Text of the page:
This far-reaching analysis by one of the world's leading contemporary economists traces the economic history of the century, from the theories of Marx and Engels to the Wall Street Crash, from Roosevelt's "New Deal" to the recent cycle of boom and bust, from the ideas of Keynes to the signing of the GATT agreement. In particular it shows how the world economy is taking shape today, with former communist countries adapting to Western policies, and with third-world countries isolated from the unity of the developed world and its market economy.
A comprehensive look at the world economy since World War I. Galbraith traces economic development from the Russian Revolution, Great Depression, and Roosevelt's New Deal, through to the end of colonialism and the emergent Third World, Reagan and Thatcher, and the new Economic Global Village.
John Kenneth Galbraith
John Kenneth "Ken" Galbraith (October 15, 1908 – April 29, 2006), OC was a Canadian-American economist. He was a Keynesian and an institutionalis, a leading proponent of 20th-century American liberalism. His books on economic topics were bestsellers from the 1950s through the 2000s and he filled the role of public intellectual from the '50s to the 1970s on matters of economics.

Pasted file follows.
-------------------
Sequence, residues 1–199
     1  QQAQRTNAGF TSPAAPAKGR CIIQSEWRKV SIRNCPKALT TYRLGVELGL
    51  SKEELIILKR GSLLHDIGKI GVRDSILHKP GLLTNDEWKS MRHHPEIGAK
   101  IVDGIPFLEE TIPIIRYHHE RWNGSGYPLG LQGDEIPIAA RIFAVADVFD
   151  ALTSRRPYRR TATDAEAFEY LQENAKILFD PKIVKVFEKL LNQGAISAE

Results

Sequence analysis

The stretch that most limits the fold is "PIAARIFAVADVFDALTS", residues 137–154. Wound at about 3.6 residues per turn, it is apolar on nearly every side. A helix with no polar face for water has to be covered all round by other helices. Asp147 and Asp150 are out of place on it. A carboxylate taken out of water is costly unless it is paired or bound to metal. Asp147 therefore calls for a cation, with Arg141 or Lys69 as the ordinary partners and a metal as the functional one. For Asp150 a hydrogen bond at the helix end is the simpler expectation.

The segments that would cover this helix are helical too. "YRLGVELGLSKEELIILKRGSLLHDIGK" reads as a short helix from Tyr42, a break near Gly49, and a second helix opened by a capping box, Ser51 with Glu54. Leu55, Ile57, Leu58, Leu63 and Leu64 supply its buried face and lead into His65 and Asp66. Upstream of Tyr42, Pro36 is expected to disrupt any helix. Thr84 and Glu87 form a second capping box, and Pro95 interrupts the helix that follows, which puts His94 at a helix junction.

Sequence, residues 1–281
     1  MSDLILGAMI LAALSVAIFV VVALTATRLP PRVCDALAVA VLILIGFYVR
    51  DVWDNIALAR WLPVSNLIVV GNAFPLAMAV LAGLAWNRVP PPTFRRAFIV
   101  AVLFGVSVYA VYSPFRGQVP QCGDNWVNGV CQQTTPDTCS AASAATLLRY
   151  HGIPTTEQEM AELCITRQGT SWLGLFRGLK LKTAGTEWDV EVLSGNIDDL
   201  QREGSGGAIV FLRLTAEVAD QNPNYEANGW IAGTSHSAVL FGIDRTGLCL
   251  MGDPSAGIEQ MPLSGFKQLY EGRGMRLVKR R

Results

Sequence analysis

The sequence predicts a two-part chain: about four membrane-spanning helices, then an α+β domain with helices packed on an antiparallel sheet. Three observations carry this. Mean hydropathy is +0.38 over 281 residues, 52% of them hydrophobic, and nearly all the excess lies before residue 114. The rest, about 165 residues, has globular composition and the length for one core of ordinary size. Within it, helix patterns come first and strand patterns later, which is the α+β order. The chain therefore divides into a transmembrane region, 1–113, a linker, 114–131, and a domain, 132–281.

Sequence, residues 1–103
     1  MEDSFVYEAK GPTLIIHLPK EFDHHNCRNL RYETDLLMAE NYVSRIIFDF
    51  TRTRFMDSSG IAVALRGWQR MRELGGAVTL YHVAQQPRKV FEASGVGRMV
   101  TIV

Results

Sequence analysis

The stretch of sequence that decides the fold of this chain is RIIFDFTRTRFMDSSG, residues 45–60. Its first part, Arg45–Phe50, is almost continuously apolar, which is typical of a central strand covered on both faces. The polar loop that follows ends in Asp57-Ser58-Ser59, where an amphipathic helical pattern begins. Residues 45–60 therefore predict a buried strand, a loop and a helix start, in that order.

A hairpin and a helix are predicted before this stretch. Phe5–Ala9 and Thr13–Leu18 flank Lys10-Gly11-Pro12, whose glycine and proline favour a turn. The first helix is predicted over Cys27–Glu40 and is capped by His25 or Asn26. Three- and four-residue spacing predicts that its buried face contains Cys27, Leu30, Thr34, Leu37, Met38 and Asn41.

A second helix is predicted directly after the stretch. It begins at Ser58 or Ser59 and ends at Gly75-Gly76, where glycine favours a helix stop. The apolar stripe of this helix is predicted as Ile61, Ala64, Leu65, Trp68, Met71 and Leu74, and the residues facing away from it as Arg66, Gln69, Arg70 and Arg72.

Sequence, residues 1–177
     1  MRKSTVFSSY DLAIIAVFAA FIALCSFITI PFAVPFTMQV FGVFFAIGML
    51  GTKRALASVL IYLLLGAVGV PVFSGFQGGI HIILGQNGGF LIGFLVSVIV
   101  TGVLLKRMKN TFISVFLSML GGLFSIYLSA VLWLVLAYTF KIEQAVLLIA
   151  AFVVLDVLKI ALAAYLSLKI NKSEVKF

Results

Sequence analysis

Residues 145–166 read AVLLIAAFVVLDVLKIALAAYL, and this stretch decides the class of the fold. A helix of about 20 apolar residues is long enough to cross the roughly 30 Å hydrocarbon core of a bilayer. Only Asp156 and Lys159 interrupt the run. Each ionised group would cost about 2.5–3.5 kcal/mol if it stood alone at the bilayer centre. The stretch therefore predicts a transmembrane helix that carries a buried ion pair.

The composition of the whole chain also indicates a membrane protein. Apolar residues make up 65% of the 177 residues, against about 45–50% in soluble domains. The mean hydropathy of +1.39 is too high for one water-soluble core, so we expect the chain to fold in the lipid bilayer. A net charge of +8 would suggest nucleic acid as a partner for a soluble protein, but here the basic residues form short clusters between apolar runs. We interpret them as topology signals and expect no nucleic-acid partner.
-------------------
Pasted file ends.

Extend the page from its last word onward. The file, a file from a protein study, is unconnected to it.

Galbraith was a prolific author who produced four dozen books and over a thousand articles on various subjects. Among his most famous works was a popular trilogy on economics, American Capitalism (1952), The Affluent Society (1958), and The New Industrial State (1967). He taught at Harvard University for many years. Galbraith was active in Democratic Party politics, serving in the administrations of Franklin D. Roosevelt, Harry S. Truman, John F. Kennedy and Lyndon B. Johnson; he served as United States Ambassador to India under Kennedy. Due to his prodigious literary output he was arguably the best known economist in the world during his lifetime and was one of a select few people to be awarded the Medal of Freedom, in 1946, and the Presidential Medal of Freedom in 2000, for services to economics.